Most people have never heard of Harry Knights, nor would have any idea of the important role he had in developing the libidinous public image of Mary Millington. Yet for nearly five years he was the invisible companion who never left Mary’s side and was, arguably, one of the chief architects behind Britain’s most famous sex symbol.
Born in Keighley, West Yorkshire in 1926, Harry always harboured a desire to be a professional writer, but a succession of other jobs took his career in another direction. It was whilst Harry was managing a shoe shop in Nottingham city centre that he met his wife-to-be Maureen. ‘Harry always loved writing short stories,’ she recalls, ‘and he sent some scripts to BBC radio, but it never really came to anything. Then one day a friend asked him if he’d write the captions to photographs in a girlie magazine.’
Harry accepted the job and within a couple of years he was contributing longer articles and fiction. By 1971 his reputation as a dependable writer had come to the attention of David Sullivan, and his then-business partner Bernard Hardingham, who were looking for somebody to submit sexy stories for their new publishing venture down in London’s East End. Harry met Sullivan at his offices in Upton Lane and just days later he was writing for him. ‘Harry was overjoyed, because we were absolutely broke at the time,’ says Maureen. ‘In fact, Harry had to steal money out of the electricity meter just to pay for his fare to London.’
Under the nom-de-plume ‘Harry Marle’, he wrote a book on Sullivan and Hardingham’s huge success in the adult publishing industry, modestly entitled We Made £200,000. Harry also worked on Sullivan’s first mass market girlie magazine, Private, launched in 1973, which was nominally ‘edited’ by Doreen Millington. ‘He used to write Doreen’s editorials and all the articles,’ says Maureen. ‘But when Mary suddenly came on the scene Doreen got pushed aside.’
Mary’s photographic debut in issue of 22 of Private caused a sensation and before long she became the biggest draw in the pages of all Sullivan’s magazines. Mary had submitted a few stories herself, but she was not an experienced writer, so Harry took over the mantle of ghost-writing her material; namely her ‘Mary Millington in…’ travelogues for Playbirds, ‘Mary Millington at Large’ in Whitehouse, ‘The Further Sexploits of Mary Millington’ in National News and ‘Mary’s University Challenge’ in Lovebirds. ‘Plus he did all the rest of her stuff too,’ says Maureen. ‘He wrote every single word.’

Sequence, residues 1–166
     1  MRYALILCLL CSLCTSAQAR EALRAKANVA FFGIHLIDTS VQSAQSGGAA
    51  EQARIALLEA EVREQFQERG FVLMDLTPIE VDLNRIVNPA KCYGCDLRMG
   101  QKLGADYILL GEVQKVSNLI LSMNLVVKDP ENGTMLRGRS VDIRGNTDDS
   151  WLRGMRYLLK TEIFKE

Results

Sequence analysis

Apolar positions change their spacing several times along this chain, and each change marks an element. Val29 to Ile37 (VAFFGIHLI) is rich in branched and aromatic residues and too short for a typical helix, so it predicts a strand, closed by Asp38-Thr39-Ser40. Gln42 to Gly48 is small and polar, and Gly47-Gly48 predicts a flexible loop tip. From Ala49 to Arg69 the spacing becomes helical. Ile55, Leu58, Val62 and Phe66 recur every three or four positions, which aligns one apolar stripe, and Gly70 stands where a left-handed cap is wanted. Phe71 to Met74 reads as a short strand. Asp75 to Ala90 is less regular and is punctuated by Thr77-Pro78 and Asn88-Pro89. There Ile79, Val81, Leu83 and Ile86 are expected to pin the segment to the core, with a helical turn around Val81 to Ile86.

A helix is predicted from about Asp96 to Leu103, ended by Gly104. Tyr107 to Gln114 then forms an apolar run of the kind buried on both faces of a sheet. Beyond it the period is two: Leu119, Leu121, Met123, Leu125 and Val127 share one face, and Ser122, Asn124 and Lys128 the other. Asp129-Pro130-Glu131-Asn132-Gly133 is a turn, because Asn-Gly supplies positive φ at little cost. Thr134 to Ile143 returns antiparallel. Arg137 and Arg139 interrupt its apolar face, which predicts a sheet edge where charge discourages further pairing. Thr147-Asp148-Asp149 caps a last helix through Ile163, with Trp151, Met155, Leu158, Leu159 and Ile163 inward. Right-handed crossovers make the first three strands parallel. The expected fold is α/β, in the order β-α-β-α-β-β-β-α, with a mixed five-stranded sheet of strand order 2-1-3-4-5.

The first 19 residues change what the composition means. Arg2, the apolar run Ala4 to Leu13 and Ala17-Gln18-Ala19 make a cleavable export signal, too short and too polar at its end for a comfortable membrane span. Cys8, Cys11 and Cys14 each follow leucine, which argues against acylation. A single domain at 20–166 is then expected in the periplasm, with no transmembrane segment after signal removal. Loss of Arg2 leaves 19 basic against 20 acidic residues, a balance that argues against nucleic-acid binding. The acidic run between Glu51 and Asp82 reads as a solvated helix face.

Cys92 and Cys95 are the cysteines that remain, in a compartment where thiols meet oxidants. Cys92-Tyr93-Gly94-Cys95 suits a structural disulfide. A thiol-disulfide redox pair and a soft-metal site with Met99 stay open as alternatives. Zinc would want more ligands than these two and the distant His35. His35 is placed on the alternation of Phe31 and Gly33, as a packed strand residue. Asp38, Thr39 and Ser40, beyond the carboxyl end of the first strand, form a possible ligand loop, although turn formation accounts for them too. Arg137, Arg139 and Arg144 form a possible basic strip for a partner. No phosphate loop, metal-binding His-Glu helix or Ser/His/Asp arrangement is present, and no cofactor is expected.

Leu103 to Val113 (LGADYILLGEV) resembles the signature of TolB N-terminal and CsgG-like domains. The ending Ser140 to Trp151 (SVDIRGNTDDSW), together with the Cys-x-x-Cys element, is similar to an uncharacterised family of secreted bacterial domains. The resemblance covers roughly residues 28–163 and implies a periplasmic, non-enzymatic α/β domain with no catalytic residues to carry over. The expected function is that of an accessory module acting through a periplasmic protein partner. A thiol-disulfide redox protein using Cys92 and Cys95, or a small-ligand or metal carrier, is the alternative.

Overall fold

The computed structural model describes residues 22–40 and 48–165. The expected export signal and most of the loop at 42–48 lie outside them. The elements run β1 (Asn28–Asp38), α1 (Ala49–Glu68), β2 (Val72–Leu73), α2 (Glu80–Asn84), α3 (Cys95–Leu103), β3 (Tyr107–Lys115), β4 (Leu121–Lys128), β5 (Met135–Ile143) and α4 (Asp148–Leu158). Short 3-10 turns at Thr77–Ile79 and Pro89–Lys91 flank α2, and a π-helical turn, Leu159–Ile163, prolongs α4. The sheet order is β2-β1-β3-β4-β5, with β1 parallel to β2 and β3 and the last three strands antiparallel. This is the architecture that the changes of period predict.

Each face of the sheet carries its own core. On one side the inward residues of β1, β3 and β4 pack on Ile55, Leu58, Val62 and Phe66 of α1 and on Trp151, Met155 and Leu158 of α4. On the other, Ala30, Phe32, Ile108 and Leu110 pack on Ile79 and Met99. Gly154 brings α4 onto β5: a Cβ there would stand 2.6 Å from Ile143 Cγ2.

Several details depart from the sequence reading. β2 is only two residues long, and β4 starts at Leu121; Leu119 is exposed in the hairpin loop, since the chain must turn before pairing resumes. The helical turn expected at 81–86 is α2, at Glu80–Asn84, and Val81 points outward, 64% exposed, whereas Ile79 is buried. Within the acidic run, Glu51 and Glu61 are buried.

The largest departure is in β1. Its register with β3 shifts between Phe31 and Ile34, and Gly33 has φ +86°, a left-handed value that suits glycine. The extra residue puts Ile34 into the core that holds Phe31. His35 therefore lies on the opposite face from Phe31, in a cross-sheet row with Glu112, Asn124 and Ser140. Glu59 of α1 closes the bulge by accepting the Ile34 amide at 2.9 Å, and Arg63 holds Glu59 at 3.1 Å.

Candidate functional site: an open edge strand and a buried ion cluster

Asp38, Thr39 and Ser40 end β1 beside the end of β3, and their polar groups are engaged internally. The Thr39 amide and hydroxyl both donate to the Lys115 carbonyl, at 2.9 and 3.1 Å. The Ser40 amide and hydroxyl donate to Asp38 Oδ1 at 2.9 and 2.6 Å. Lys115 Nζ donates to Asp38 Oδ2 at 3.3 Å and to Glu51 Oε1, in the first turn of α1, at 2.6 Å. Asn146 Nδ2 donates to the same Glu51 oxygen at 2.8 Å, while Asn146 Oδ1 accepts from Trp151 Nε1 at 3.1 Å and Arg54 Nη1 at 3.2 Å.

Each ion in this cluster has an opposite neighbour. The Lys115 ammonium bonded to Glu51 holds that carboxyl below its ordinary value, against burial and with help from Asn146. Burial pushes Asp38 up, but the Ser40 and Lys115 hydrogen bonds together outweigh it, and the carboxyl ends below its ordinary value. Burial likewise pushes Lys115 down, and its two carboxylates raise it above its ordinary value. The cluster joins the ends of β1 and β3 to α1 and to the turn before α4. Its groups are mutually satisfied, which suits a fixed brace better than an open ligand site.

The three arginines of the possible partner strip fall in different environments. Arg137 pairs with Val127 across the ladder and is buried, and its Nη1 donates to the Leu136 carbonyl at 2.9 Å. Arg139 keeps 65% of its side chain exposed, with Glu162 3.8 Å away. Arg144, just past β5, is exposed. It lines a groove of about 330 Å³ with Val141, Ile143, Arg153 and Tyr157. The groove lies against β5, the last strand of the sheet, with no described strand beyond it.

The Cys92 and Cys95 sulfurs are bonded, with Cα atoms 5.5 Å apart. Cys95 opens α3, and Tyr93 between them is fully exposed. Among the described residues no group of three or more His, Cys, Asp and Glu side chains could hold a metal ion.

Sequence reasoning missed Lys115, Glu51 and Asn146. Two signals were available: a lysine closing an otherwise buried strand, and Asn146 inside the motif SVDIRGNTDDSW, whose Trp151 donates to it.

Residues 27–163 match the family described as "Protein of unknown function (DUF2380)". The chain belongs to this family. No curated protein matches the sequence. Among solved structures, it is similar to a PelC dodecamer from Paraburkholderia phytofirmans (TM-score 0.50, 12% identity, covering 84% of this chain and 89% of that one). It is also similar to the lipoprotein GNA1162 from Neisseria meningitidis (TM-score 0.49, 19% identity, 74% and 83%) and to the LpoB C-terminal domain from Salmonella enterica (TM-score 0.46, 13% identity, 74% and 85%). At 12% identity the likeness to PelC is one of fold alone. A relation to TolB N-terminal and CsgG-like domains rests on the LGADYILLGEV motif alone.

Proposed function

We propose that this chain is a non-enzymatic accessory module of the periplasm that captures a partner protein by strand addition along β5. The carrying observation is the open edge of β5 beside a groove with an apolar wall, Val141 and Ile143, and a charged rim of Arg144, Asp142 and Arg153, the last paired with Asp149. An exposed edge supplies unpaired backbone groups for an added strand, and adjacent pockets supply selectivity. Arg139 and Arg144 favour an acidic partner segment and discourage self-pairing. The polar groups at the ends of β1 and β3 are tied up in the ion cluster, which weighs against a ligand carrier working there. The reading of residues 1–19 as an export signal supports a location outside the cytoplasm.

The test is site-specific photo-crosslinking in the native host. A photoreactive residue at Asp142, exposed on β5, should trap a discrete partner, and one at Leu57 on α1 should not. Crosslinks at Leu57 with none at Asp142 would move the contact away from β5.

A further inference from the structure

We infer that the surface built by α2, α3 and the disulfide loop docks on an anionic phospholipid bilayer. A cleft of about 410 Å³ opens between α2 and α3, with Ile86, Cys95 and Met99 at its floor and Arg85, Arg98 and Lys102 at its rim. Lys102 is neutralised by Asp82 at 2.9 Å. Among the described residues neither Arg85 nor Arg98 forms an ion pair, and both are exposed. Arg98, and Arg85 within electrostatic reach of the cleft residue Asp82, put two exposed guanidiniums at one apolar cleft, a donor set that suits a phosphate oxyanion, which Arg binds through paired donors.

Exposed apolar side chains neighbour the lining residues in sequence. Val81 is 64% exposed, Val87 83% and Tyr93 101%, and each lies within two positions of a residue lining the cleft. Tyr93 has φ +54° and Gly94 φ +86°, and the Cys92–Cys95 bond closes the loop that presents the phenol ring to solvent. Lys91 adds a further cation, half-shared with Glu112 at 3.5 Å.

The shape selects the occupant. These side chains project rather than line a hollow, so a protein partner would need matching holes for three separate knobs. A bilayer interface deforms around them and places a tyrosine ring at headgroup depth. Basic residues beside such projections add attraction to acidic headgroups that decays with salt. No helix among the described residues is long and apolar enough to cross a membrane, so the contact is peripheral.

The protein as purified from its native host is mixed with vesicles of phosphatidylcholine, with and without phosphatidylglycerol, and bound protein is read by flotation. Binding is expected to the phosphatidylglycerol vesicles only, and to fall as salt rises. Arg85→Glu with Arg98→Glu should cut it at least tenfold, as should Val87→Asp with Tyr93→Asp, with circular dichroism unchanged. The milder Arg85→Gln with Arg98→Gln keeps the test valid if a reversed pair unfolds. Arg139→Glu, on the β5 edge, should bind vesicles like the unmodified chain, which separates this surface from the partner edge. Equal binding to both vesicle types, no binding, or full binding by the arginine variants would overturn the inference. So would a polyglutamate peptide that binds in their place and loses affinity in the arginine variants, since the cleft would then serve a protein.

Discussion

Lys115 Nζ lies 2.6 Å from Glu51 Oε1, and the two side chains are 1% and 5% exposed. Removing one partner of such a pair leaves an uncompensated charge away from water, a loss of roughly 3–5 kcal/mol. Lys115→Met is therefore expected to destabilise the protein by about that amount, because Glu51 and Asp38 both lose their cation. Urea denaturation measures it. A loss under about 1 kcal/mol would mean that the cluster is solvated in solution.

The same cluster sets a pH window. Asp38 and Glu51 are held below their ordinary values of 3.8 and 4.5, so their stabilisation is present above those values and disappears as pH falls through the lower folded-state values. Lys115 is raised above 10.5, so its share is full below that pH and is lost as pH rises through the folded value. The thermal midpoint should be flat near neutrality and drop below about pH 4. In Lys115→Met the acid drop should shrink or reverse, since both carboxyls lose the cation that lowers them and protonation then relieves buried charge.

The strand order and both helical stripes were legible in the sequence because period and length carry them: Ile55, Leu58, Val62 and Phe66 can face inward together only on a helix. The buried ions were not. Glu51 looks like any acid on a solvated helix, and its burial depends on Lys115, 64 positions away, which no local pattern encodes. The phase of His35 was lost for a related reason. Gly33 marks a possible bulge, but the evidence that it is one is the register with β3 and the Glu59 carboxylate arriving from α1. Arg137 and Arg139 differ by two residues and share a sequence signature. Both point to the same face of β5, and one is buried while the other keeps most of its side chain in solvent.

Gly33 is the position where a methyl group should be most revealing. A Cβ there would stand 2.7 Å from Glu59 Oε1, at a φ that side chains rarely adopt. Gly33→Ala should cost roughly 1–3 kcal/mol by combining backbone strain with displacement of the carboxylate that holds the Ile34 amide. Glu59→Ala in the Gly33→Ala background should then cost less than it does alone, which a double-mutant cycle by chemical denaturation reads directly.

Incredibly, in addition to all this, Harry also wrote the majority of the sexy articles, short stories and film reviews which filled up the remaining pages of Sullivan’s magazines; he even wrote the faked correspondence (from the likes of ‘Donald Epsom, London, W10’) for the magazines’ action-packed letters pages. Today, it’s hard to appreciate the sheer volume of material Harry was bashing out on his manual typewriter in his box room, always with a glass of whisky on the go. His output amounted to millions of words. Usually Sullivan would send a note to Harry specifying what subjects he required for forthcoming issues:
“Write words on lesbianism, saying it is beautiful etc,’ one note reads. ‘1,000 words on the naked male – saying it is artistic etc. Sex to order – an interview with three participants in blue films and porn books; Peeping Toms; memoirs of a prostitute; a 3,000 word short story – I’ll leave the choice to you.”
Incredibly, Harry was paid just £2.50 per thousand words, something Maureen is understandably still very bitter about. ‘We never seemed to have any money,’ she says. ‘We were always in debt.’ Harry was a workaholic, beginning his writing at 7am and working right through to 6.30pm at night, churning out around 7,000 words per day. Maureen would proof-read his work, before it was sent in the post to London. Middle-aged, balding and bespectacled, Harry certainly didn’t fit the stereotype of a man working in the sex industry. ‘It really didn’t bother me what he wrote,’ says Maureen. ‘I’m very broad-minded. Harry wasn’t a sleazy person, but all the words just came out of his head. He had a fantastic personality, although he was quite unassuming. But if we went to a party and people found out what he did for a living he’d be surrounded by girls. He could light up a room.’
Maureen, and her youngest son Christopher, believe that much of Mary Millington’s phenomenal success was down to Harry’s prolific writing. However, over the years, Harry became increasingly fond of the woman he helped ‘create’ and he dubbed her ‘The Blonde Tornado’. Mary joked that her ghost writer’s imagination was far more vivid than her own, “Oh, Harry,” she bemoaned, “what on earth have your stories got me getting up to now? What are you doing to me!”
When Mary died, Harry was genuinely bereft. ‘He thought the world of Mary, and he took her death very badly,’ says Maureen. ‘Harry felt that she had been let down and exploited.’ Ironically, four weeks later Harry was dead too, after a massive heart attack on 17 September 1979, whilst holidaying in Great Yarmouth with his wife and two young sons. He was aged just 53.
Thankfully, many of Harry’s carefully typed words still exist – stored in overflowing boxes at Maureen’s house in Nottingham. ‘Harry never quite made the big time, but he always wanted to be a serious writer,’ says Maureen. ‘I just don’t want Harry to be forgotten. After all these years Chris and I would like him finally acknowledged, because he was a decent, hard-working man and a very talented writer. We both miss him.’
All words and photos strictly © Simon Sheridan 2012-2019